Fibrosis and a hypoxic environment are associated with the trabecular meshwork (TM) region in the blinding disease glaucoma. Hypoxia has been shown to alter DNA methylation, an epigenetic mechanism involved in regulating gene expression such as the pro-fibrotic transforming growth factor (TGF) β1 and the anti-fibrotic Ras protein activator like 1 (RASAL1). The purpose of this study was to compare DNA methylation levels, and the expression of TGFβ1 and RASAL1 in primary human normal (NTM) with glaucomatous (GTM) cells and in NTM cells under hypoxic conditions.
Global DNA methylation was assessed by ELISA in cultured age-matched NTM and GTM cells. qPCR was conducted for TGFβ1, collagen 1α1 (COL1A1), and RASAL1 expression. Western immunoblotting was used to determine protein expression. For hypoxia experiments, NTM cells were cultured in a 1%O2, 5%CO2 and 37°C environment. NTM and GTM cells were treated with TGFβ1 (10ng/ml) and the methylation inhibitor 5-azacytidine (5-aza) (0.5μM) respectively to determine their effects on DNA Methyltransferase 1 (DNMT1) and RASAL1 expression.
We found increased DNA methylation, increased TGFβ1 expression and decreased RASAL1 expression in GTM cells compared to NTM cells. Similar results were obtained in NTM cells under hypoxic conditions. TGFβ1 treatment increased DNMT1 and COL1A1, and decreased RASAL1 expression in NTM cells. 5-aza treatment decreased DNMT1, TGFβ1 and COL1A1 expression, and increased RASAL1 expression in GTM cells.
TGFβ1 and RASAL1 expression, global DNA methylation, and expression of associated methylation enzymes were altered between NTM and GTM cells. We found that hypoxia in NTM cells induced similar results to the GTM cells. Furthermore, DNA methylation, TGFβ1 and RASAL1 appear to have an interacting relationship that may play a role in driving pro-fibrotic disease progression in the glaucomatous TM.
Citation: McDonnell F, Irnaten M, Clark AF, O’Brien CJ, Wallace DM (2016) Hypoxia-Induced Changes in DNA Methylation Alter RASAL1 and TGFβ1 Expression in Human Trabecular Meshwork Cells. PLoS ONE 11(4): e0153354. https://doi.org/10.1371/journal.pone.0153354
Editor: Chun-Ming Wong, University of Hong Kong, HONG KONG
Received: July 20, 2015; Accepted: March 29, 2016; Published: April 28, 2016
Copyright: © 2016 McDonnell et al. This is an open access article distributed under the terms of the Creative Commons Attribution License, which permits unrestricted use, distribution, and reproduction in any medium, provided the original author and source are credited.
Data Availability: All relevant data are within the paper.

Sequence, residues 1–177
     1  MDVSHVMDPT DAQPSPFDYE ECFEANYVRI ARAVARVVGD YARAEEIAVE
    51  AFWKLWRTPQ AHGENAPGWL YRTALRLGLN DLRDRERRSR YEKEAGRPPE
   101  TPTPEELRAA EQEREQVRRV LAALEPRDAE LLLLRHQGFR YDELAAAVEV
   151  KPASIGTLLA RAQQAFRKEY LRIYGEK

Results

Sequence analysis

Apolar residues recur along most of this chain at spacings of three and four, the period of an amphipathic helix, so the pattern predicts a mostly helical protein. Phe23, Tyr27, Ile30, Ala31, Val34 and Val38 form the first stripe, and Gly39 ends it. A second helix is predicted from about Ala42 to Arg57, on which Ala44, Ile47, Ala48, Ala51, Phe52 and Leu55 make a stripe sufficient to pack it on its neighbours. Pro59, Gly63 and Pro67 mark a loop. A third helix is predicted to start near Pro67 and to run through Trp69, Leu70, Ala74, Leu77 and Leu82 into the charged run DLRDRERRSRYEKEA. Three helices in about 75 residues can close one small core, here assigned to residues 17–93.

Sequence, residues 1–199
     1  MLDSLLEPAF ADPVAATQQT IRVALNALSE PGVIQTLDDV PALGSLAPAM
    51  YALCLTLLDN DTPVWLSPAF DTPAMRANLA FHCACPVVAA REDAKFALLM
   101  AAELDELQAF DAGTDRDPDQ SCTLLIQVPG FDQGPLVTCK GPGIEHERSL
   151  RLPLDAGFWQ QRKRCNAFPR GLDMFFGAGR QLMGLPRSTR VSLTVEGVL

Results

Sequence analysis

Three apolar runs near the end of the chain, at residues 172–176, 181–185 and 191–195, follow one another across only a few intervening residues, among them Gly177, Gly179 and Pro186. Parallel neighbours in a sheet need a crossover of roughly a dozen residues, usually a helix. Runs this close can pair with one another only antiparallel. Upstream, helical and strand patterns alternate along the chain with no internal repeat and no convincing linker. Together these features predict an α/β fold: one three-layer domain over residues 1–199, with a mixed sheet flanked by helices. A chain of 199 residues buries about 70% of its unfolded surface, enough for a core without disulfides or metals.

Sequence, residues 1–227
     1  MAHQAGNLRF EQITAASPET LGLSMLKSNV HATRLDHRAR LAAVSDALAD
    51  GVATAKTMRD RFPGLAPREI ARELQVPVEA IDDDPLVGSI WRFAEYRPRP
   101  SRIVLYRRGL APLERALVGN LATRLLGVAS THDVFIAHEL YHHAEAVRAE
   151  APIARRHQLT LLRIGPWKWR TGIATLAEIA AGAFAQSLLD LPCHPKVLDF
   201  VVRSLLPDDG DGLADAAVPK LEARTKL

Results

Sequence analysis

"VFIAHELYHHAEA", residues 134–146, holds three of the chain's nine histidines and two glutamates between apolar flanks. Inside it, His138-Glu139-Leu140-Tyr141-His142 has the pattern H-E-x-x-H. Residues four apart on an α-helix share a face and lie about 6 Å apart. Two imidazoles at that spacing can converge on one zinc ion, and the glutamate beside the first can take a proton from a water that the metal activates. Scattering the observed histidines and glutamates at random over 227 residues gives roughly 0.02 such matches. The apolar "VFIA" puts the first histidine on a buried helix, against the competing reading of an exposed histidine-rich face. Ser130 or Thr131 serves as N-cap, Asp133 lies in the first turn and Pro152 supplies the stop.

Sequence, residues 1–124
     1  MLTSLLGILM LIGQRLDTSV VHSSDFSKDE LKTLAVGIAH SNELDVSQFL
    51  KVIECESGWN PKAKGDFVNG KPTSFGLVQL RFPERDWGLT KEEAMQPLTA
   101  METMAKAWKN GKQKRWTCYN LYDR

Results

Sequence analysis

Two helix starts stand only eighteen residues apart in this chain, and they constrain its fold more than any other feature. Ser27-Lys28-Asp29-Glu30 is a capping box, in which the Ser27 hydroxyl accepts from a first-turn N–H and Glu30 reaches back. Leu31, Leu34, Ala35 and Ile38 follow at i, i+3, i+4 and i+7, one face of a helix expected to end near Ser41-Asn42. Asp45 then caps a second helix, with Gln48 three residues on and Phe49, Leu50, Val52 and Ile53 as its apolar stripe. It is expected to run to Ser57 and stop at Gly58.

Funding: This work was supported by the Health Research Board (IE) HRA POR_2010-129 and HRA POR_2011-13. The funder had no role in study design, data collection and analysis, decision to publish, or preparation of the manuscript.
Competing interests: The authors have declared that no competing interests exist.
Glaucoma is an optic neuropathy that affects approximately 60 million people worldwide. In glaucoma, the retinal ganglion cell (RGC) axons are irreversibly lost in a way that contributes to the visual field loss pattern seen in patients. Some of the factors that contribute to the disease include: increased intraocular pressure (IOP), age, genetic mutations, and reduced ocular perfusion pressure (OPP)[3–7]. Under normal circumstances, there is a process of physiological wound healing in the body; however, in some diseases, this wound healing becomes uncontrolled leading to connective tissue fibrosis[8, 9]. In glaucoma, fibrosis occurs as a build-up of extracellular matrix (ECM) materials in the trabecular meshwork (TM) at the anterior of the eye[10–12], and in the lamina cribrosa (LC) at the optic nerve head (ONH)[13–15]. This mechanism of fibrosis plays a role in the disease progression; ECM materials build up in the TM and the fluid within the eye, the aqueous humor (AH), cannot easily exit via its normal pathway, and the pressure within the eye subsequently increases. This increase in IOP is one of the main risk factors associated with the development and progression of glaucoma[4, 16] and is the only target for therapies in clinical use. Following the increased IOP, structural damage occurs at the optic nerve head, which is associated with the loss of RGC axons and the loss of vision in glaucoma[18, 19].